It seems I have accidentally wandered into a demonstration against the destruction of the UBC farm. The 24 hectare learning and research farm - comprised of blueberry and apple orchards and chicken coops - is in danger of being eaten up by more anonymous condo developments, the current blight of the once rather twee Tudor/pastoral campus that has now become a suburb for the displaced upper middle classes seeking real estate refuge and clean air.
'We are doing this for the next seven generations,' booms the elder. 'We must preserve our land.'
The elder is followed by well-meaning white environmentalists who echo his sentiments. We are all of us standing on unseated Musqueam territory.
In a weird kind of gestalt, I run into a Chilean professor of ethics whom I haven't seen for years. A refugee from Pinochet's terror, he once organized campesinos in Chile. Now he lectures in the agricultural sciences department at UBC. I end up in a conversation with his wife about the progressive new government in Ecuador and a new eco project she's working on and before I know it, I have become part of the 400 person-strong crowd marching toward the farm. There are men, women, children, students with drums, professors with banners, even people dressed as chickens.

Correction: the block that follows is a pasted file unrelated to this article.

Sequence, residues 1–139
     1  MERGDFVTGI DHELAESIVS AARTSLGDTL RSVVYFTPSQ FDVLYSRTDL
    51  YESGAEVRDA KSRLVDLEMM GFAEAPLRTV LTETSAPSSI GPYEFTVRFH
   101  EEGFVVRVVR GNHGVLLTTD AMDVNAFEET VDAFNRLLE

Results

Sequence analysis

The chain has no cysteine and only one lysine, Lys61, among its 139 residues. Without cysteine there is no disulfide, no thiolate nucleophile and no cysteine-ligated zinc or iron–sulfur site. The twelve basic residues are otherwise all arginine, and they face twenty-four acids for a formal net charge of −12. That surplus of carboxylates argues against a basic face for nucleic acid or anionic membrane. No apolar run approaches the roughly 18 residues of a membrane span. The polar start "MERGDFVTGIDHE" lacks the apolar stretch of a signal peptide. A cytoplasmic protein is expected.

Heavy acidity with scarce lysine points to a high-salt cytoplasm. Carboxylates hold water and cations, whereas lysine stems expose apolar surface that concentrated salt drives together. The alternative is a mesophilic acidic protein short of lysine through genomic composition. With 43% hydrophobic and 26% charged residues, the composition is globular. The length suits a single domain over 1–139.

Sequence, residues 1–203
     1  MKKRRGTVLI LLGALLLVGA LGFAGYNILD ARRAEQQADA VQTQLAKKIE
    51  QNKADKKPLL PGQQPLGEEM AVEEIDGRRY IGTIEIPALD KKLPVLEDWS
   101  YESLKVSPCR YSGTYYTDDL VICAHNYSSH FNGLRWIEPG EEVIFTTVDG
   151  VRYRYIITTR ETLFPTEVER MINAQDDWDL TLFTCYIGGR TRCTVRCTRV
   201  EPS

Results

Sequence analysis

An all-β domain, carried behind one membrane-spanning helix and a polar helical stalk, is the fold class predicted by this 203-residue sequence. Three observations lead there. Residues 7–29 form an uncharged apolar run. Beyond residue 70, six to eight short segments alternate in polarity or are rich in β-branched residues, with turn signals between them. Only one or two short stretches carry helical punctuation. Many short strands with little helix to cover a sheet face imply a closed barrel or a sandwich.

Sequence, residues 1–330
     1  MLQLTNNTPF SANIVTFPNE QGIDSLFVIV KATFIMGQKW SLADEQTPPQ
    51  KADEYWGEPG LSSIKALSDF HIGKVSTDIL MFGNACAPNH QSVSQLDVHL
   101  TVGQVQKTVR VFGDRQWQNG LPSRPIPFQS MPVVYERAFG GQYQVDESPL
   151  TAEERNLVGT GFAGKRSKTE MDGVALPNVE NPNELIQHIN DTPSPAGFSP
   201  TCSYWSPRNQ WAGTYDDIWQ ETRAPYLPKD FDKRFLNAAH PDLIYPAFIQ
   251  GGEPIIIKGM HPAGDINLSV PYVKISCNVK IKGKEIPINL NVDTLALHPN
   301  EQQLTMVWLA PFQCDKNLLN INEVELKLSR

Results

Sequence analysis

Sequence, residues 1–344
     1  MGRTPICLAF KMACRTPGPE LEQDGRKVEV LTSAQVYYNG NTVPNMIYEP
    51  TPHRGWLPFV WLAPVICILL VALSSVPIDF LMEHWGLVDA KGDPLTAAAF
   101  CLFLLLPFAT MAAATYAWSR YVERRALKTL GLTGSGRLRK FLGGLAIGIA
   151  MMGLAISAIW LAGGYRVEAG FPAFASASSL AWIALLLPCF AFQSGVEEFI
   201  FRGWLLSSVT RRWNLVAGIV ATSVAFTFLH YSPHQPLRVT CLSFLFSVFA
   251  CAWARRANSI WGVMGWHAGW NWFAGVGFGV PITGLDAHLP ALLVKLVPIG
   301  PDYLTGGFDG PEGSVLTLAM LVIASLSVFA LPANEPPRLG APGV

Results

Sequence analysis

The sun is shining - a key factor in creating a sense of social cohesion in rainy Vancouver - and the mood is upbeat, as Alejandro introduces me to his colleague Wayne Temple. Wayne tells me about the research he's doing on cereal grains and his battles with US authorities over importing seeds from south of the border. We chat briefly about the evils of Monsanto and soon all is revealed. As it turns out, Wayne's grandfather Robert Temple was a pit boss in Nanaimo, when my great grandfather, a coal mining union organizer Methodist preacher from the British Midlands, was part of the miners' strike of 1913. Now, a century later, we are marching together to save farmland from developers.